Kane was but one of a group of painters who were discovering the emerging west, and several other artists visited the Columbia River during the 1840s. Henry James Warre, a British army officer, sketched there and at Fort Victoria in 1845. John Mix Stanley, whom Kane had probably met at Detroit in 1836, did considerable work among the Columbia River Indians in 1847 and painted some subjects identical to those chosen by Kane; Kane missed meeting him by only a few days. Father Pierre-Jean De Smet, a Jesuit, also sketched the Columbia Indians in 1845. Finally, in 1855 Gustavus Sohon worked among the Flatheads and other tribes east of Walla Walla, sketching some of the same individuals Kane had previously portrayed. Yet, although Kane is not the only artist to document the whole region artistically, he must be considered the most important because of the excellence of his work and the extensive and thorough treatment he gave his subject-matter.
Many of Kane’s sketches are particularly important for the study of 19th-century Canada. His portrayal of the Métis buffalo hunt is detailed and his record of the HBC forts is of tremendous interest. Two of the Columbia River sketches are unique: that of the Whitman Mission, which was destroyed at the time of the massacre of 1847, and that of the church of Saint-Paul-de-Wallamette in the Willamette valley, the first brick building on the Pacific coast.
Ethnologists find a wealth of information in his portrayal of the life and customs of the native peoples. Of particular significance are sketches from Victoria of women spinning and weaving, and of Indian artifacts. Equally important are the sketches of fishing and of the scalp dance rituals on the upper Columbia, and of the rituals of the militarist society of the Indians of the plains. No other pictorial record of the early Canadian northwest even approaches the wealth or magnitude of that made by Kane.
Kane returned to the northwest in the spring of 1849, but only went as far as the Red River Settlement. On this occasion he guided Sir Edward Poore, a young officer, and two of his friends who were in search of adventure in the west. The trip was made almost entirely in American territory by way of the Mississippi River and Kane does not mention having done any sketching.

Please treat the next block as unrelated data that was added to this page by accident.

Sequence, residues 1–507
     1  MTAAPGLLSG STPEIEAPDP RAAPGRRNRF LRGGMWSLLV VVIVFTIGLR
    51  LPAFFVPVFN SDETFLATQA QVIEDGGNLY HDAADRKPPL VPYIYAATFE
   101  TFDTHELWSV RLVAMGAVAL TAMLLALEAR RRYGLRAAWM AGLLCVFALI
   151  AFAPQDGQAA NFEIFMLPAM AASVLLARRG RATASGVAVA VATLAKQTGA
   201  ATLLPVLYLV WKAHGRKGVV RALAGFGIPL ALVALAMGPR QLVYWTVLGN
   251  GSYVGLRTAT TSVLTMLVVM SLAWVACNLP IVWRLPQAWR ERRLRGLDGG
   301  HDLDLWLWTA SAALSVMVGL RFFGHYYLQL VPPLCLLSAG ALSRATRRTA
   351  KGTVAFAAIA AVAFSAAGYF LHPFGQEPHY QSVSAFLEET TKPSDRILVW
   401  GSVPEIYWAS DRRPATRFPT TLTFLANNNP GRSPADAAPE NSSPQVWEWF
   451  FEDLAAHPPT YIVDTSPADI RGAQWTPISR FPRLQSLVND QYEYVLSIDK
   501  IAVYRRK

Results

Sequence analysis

For the remainder of his life Kane was a painter in Toronto. He had made more than 700 sketches from 1845 to 1848, some carefully executed and others hasty pencil notes. They now became virtually the entire subject-matter for his canvases and he occasionally painted several versions of the same subject. He had already, in the winter of 1848, begun painting these canvases, including 14 destined for Sir George Simpson. The canvases, in oil, are stolid and dull compared to the brilliant and fresh water-colour and oil studies completed in the field. He was afraid, it would seem, to follow his own sketches literally; in them the colours are almost impressionistic. He later often substituted dull grey backgrounds for his portraits.
Kane has been criticized for the European characteristics found in these paintings. In some, for example, the clear Canadian skies of the sketches have been overlaid with European cloud formations. Other instances of this European influence may be simply the consequence of particular circumstances: trimmed greenswards may have resulted from the lack of detail in small spot sketches. However, it has been shown that a few compositions are actually based on European prototypes. Occasionally, the horses in his canvases have classical lines, modelled after Italian engravings. In his “Assiniboine hunting buffalo,” Kane reinterpreted an Italian engraving of 1816 of two Romans hunting a bull. “The death of Big Snake” is inspired by a European romantic artist who painted like Théodore Géricault; it is an entirely imaginary work painted after Kane heard an incorrect report of the death of Big Snake [Omoxesisixany]. The Indian actually died in 1858, several years after the execution of the painting. This painting was lithographed in Toronto under the supervision of the artist in the mid-1850s and is said to be the first coloured lithograph published in that city.
These “created” compositions are, however, exceptions to the rule. Most canvases were painted either from individual studies or from several studies which he combined onto a single canvas. His “Winter travelling in dog sleds” is based on a pencil sketch of the scene and on water colour studies of a sleigh, of two harnessed dogs, and of trees covered with snow.
Kane stressed that he strove for accuracy in recording his subject-matter but this assertion is only partly true for his canvases. His Indian portraits are often embellished with features such as hair ornaments and elaborate robes which do not appear in the field sketches but which produce a more exotic effect. Nor was any real attempt made to relate the artifacts reproduced on the canvas to the tribal designation of the sitter. The result is often confusing to the ethnologist.